It’s no doubt – venue site visits are exciting. “Field trips” as I call them are a nice break from a full day in the office.
If you are extremely visual, a venue visit is the first time the event becomes reality, and you can get a full understanding of the layout and what type of experience your guests will endure. But venue visits can be rare, especially if you plan events that aren’t local – so it’s important to get the most out of them when you can.
See the most common mistakes that are made at venue visits that will create more work for you in the future:
Not Taking Photos/Video
Sure, you already have the photos the venue has provided – but be sure to snap a few of your own. Get different angles, note where things will be, how much space there is, etc. Depending on how large of a venue you’re dealing with, taking video in the perspective of a guest experience can be extremely helpful to send along to your client or team.
Forgetting your Tape Measure
Yes, event planners and tape measures are like two peas in a pod. Wait, we’re not contractors… True, but when it comes to designing signage or working with tight spaces, knowing EXACTLY how much space you have in a certain part of the room can be extremely helpful when you are back in the office chatting with your vendors. The venue usually has specs for each of the rooms, but you may need more specific measurements based on the scope of event design elements.
Keeping Notes in your Head
This rule goes for bringing questions into the venue and leaving the venue visit with notes. We are only human, we WILL forget questions and notes eventually. Especially at site visits when you are taking in so much information and planning at the same time, thoughts can get jumbled. To ensure you are touching on every question, bring a notebook, type them in your phone, whatever it takes to have them concrete and easily accessible at your visit and when you get back to the office.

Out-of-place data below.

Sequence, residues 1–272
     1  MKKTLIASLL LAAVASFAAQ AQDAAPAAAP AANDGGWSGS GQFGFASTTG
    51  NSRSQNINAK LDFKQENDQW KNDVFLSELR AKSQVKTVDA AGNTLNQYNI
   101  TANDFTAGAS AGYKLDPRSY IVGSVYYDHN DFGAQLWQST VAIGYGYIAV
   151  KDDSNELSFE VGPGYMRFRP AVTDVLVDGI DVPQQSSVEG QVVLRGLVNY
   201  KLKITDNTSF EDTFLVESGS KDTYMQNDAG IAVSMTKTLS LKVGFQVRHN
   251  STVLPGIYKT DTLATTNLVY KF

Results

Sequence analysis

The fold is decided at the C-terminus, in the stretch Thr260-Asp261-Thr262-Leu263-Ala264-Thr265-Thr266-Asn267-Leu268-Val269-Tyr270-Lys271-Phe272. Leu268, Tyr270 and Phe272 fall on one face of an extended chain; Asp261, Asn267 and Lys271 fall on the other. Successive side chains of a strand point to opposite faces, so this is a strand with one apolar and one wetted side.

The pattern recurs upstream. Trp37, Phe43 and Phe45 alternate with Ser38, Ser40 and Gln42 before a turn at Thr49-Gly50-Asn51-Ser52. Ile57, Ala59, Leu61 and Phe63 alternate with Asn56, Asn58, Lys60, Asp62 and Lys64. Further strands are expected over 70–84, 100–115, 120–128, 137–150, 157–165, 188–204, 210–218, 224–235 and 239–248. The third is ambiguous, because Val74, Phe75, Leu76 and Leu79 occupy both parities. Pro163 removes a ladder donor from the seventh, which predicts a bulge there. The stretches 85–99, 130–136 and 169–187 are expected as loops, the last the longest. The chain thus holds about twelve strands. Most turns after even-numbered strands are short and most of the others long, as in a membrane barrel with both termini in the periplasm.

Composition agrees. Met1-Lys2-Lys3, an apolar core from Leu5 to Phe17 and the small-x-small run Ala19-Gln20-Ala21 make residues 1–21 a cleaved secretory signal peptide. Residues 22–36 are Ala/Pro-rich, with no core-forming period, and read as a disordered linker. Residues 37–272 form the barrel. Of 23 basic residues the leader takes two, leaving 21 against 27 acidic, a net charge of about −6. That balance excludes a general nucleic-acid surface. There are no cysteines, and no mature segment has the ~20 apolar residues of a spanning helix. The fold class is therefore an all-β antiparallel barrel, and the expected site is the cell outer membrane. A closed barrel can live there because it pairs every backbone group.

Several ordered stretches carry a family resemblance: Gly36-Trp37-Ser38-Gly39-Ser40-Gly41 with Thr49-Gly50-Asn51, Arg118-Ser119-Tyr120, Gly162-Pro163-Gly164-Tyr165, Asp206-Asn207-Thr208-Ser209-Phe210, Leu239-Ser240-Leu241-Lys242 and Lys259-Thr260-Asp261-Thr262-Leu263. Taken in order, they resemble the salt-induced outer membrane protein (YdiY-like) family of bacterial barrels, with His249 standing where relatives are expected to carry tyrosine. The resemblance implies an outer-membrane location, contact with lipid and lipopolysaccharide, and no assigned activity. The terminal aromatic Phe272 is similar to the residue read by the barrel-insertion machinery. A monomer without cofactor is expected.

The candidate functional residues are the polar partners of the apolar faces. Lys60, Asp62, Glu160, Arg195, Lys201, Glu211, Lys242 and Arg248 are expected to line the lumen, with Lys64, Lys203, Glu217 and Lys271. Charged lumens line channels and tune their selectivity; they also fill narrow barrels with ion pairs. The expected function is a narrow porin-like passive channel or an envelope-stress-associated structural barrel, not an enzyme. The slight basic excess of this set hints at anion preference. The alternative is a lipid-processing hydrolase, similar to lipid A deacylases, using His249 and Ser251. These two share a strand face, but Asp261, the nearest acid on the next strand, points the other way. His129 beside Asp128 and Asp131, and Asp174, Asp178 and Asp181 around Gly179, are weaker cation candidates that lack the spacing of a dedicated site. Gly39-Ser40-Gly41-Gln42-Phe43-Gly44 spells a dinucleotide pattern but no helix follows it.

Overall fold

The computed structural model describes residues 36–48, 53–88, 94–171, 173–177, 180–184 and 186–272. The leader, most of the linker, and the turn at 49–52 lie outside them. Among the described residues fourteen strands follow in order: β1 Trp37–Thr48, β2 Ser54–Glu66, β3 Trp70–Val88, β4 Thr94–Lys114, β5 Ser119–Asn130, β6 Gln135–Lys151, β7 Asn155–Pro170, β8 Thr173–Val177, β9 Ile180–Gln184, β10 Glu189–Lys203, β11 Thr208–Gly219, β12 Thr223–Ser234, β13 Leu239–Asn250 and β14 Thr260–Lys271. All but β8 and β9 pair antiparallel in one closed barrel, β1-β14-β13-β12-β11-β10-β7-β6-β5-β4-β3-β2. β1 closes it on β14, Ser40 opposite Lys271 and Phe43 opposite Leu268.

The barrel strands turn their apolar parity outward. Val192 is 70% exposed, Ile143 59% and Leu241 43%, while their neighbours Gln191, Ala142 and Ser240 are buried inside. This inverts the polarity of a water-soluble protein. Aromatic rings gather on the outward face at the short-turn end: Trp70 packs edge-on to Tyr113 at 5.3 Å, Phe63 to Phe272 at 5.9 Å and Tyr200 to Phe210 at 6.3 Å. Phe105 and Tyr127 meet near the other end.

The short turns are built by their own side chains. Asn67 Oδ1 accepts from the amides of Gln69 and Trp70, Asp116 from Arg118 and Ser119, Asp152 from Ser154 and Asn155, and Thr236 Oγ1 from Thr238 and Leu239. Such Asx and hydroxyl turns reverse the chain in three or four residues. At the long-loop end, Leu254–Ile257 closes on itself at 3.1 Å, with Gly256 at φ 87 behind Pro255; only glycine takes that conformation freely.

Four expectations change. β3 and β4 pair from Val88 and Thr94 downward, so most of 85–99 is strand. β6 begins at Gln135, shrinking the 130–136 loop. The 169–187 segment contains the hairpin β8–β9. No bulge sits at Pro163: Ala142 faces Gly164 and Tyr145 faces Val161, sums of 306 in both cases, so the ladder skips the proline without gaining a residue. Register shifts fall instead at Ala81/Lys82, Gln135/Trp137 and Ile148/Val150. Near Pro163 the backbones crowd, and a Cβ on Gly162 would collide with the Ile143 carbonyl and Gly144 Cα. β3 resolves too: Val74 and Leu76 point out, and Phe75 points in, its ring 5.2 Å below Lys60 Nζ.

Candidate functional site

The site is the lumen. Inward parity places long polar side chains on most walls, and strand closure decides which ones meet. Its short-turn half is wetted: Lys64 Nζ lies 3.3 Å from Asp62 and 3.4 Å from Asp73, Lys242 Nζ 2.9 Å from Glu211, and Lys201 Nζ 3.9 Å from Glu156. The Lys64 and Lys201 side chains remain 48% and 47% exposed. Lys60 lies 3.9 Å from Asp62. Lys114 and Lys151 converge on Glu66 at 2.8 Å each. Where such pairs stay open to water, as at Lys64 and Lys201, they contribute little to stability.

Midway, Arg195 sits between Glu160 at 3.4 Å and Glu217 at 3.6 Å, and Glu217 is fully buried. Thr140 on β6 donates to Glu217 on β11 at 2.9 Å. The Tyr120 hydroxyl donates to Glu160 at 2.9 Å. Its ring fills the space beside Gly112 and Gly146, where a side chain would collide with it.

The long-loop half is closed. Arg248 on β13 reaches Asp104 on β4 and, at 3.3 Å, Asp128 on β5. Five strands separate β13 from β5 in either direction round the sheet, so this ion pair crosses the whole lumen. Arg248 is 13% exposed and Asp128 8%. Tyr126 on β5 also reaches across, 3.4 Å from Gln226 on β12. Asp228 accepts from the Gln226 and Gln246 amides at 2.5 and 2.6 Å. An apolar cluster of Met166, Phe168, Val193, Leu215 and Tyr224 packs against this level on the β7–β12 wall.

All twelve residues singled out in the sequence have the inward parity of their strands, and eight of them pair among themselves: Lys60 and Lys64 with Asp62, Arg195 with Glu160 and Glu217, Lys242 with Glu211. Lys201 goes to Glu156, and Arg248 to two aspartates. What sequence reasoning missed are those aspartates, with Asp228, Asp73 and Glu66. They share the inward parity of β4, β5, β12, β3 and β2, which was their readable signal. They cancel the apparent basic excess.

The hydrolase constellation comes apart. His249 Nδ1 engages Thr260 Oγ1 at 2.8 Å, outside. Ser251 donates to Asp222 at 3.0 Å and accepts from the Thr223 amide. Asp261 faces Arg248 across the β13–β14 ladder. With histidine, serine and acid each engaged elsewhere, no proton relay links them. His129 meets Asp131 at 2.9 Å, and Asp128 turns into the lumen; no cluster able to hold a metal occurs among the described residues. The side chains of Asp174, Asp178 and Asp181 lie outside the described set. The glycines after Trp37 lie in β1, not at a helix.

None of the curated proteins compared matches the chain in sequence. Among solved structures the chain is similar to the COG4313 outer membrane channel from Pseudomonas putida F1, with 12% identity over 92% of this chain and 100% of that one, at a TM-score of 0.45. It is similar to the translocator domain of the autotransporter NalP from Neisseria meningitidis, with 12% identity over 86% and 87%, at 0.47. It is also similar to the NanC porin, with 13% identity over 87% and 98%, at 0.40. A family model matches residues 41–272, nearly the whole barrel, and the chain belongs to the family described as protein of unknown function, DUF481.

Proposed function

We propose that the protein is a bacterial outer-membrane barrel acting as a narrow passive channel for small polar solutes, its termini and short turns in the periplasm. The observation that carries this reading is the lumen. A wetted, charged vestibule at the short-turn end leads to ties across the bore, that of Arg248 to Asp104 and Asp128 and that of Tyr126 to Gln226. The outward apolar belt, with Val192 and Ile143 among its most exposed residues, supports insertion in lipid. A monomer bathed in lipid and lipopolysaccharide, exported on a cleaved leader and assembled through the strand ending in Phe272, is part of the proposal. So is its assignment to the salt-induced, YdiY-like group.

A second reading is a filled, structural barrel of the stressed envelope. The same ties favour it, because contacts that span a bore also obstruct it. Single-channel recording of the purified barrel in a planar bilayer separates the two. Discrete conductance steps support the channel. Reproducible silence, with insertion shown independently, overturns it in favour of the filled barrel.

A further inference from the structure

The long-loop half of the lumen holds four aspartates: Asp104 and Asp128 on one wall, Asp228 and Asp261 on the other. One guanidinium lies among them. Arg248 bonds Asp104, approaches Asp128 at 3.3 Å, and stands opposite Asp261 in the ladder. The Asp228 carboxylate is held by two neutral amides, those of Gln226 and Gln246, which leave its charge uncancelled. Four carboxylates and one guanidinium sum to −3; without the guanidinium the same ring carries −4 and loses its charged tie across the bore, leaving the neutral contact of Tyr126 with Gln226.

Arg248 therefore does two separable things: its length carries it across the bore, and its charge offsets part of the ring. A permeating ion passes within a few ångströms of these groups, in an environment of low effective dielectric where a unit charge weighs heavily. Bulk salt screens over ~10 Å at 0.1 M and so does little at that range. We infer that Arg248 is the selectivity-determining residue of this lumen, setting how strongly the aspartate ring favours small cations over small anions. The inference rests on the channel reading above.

Conclude without Discussing Action Items
The best way to conclude a site visit is to review every ones “to-dos” from the visit to ensure everyone is on the same page. A quick recap discussing who is doing what and when it should be expected to be completed will alleviate later confusion such as, “Oh wait, I thought you were doing that, not me.” If necessary, also take this time to set up a follow up meeting to avoid going back in forth in the future.
Trust us, we’ve learned these tips the hard way and now fully embrace them at every site visit to ensure maximum success for our events. What tips do you have for site visits? We’d love to see them in the comments below.